Mobile Capture Comes to Mortgages
The imaging technology that lets consumers deposit checks by taking photos of them with their smartphone cameras has proven to be extremely popular. That is paving the way for the same principle and technology to infiltrate mortgage lending, where image capture of mortgage documents could facilitate information transfer and speed processing.
"Leveraging the camera to deliver information reduces latency …and you are engaging customers on a device that they are comfortable with," says Bruce Orcutt, a senior director at Kofax.
Kofax (KFX), a company that sells image capture software to enable business process management (BPM) demoed its Mobile Capture for Mortgage app at the Mortgage Bankers Association's convention last week in Chicago. The software allows lenders, brokers and borrowers to use the cameras in smartphones and tablets to capture and extract information from supporting documents and deliver that information directly to the appropriate loan processes.
Orcutt contends there are several ways a mobile phone can be used to facilitate mortgage loan processing. In the case of exceptions, or where extra information or confirmations of borrower information are necessary, a lender may call or text a potential borrower asking for a paper document — a W2 tax form, a pay stub, an explanation of a bonus, etc. "They borrower can then use the camera to get that information to the lender right away," Orcutt says.
The firm's internally built technology analyzes the document to locate and optimize the data on each page. It's also using its VRS (virtual rescan) software to improve character and image recognition for documents that are being captured by mobile cameras to ensure the translation from image to text is accurate. VRS is embedded in the mobile app that users download to capture images. Orcutt says each page file is about 25 kilobytes in size, which he says is intended to reduce strain of the borrower's mobile data plan. "We want to make sure these documents are process-ready and a small file size. If you take a high res photo of a piece of paper and email it, it can be up to two megabytes," Orcutt says.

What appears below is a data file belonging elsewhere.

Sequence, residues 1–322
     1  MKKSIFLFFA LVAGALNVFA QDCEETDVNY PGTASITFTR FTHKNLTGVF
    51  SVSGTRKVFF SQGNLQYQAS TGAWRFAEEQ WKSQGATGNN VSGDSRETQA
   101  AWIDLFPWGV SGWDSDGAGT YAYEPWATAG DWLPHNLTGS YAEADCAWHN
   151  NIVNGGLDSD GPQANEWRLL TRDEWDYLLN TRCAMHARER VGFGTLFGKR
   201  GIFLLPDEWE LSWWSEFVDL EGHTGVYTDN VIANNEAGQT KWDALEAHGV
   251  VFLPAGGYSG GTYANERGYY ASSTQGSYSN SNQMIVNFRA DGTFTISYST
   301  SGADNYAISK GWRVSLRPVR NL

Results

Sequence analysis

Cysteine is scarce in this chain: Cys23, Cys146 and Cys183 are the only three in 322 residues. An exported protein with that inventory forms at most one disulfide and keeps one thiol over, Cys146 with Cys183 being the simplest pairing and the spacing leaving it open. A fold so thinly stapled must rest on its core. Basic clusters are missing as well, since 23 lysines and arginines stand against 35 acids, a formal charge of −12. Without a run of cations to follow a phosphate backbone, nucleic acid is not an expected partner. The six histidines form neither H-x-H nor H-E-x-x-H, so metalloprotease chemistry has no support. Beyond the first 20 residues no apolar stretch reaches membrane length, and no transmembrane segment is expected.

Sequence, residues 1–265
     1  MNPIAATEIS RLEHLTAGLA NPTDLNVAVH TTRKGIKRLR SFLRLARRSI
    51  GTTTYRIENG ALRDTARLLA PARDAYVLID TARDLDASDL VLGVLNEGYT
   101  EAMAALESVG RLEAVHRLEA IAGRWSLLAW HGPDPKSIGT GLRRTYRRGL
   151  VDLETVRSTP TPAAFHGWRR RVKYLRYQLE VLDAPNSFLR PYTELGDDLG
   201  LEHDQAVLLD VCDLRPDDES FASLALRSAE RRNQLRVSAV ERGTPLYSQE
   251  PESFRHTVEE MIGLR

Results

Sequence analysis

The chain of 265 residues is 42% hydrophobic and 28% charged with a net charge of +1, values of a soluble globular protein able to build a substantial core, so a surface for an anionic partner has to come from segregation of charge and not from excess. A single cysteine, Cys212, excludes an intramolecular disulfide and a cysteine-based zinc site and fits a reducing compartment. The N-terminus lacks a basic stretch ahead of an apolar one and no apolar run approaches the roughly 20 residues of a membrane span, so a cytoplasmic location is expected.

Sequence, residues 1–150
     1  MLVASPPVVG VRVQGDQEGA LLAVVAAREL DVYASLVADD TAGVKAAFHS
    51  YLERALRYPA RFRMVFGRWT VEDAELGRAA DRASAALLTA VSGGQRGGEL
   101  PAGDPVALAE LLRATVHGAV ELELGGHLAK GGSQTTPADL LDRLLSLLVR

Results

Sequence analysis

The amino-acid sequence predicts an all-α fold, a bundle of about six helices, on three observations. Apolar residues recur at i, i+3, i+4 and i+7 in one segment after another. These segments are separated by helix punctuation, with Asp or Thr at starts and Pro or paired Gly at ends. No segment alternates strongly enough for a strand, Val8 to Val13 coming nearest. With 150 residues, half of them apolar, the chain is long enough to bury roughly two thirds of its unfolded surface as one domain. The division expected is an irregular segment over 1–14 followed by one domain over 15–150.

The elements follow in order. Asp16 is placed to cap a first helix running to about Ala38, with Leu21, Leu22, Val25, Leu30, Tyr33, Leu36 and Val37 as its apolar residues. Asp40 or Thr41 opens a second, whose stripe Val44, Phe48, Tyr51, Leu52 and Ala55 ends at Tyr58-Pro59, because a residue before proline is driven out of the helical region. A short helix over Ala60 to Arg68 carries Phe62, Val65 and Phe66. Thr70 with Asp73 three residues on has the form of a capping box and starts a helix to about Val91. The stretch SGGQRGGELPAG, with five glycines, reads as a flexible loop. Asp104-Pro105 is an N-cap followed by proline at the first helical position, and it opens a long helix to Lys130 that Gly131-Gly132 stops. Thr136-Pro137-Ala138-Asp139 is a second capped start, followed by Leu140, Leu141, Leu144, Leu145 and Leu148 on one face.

Orcutt says there are no financial institutions in production yet, though four are evaluating the technology. Mortgage Cadence, a firm that sells enterprise lending, default servicing and document preparation, has licensed Kofax's mobile imaging tech. "One of the use cases that is common is in the case of reverse mortgages, where you have senior citizens who may not be able to get to offices easily. You can get a document scan from a loan officer that's sitting at the table with them," says Mark Swift, vice president of product management at Mortgage Cadence.
Other firms are also targeting the mortgage document imaging market. "Finally there is technology available to allow borrowers and mortgage professionals to be truly mobile. The latest smartphones and tablets come loaded with hardware that allows borrowers to take photos of documents in very high resolution, and complete and sign forms remotely, check loan status, etc." says Iordan Gavazov, co-founder and CEO of LenderMobile, a firm that sells mobile technology to the mortgage industry.
LenderMobile's apps allow borrows to take photos of documents and forward them to the loan agent directly from their mobile devices, such as a request for a W2 form. The borrower will get a notification on his or her smartphone, and by tapping a button on the smartphone take a photo and submit it back, which reduces steps involved in scanning and email documents.
Jim DeBello, CEO of Mitek (MITK), which drives the tech behind a number of mobile RDC applications, says its firm's tech can be used to extract and process data and verify identification. "Mobile enrollment is a horizontal use case that applies across financial services market segments …we are talking to leading financial institutions about all of these applications as the next logical step in their mobile strategies," he says.
Mobile image capture has its limits — a mortgage loan can include as many as 300 documents, and not all lend themselves to a mobile photo. Karen Massey, a senior research analyst for IDC Financial Insights, says there are some good opportunities to use image capture for mortgage documents, such as driver's licenses and other shorter personal documents. But she says "I would be curious to see how they are handling larger documents, such as tax returns."
Orcutt admits that the tech can't be used for all documents. "We have to understand, based on user needs, the best way to use this technology. If it's a document that has 20 pages, the tech support that, but the customer may not like that," he says, adding that in these cases, Kofax offers more traditional email, fax, or a scanner application to make images or transfer documents.
Since image capture is already being used for check deposits, a lot of the security will be the same, and the idea of using mobile cameras to take photos of bank documents is not a foreign concept. "There has been public use of [image capture], so leveraging this type of tech is a good idea," Massey says.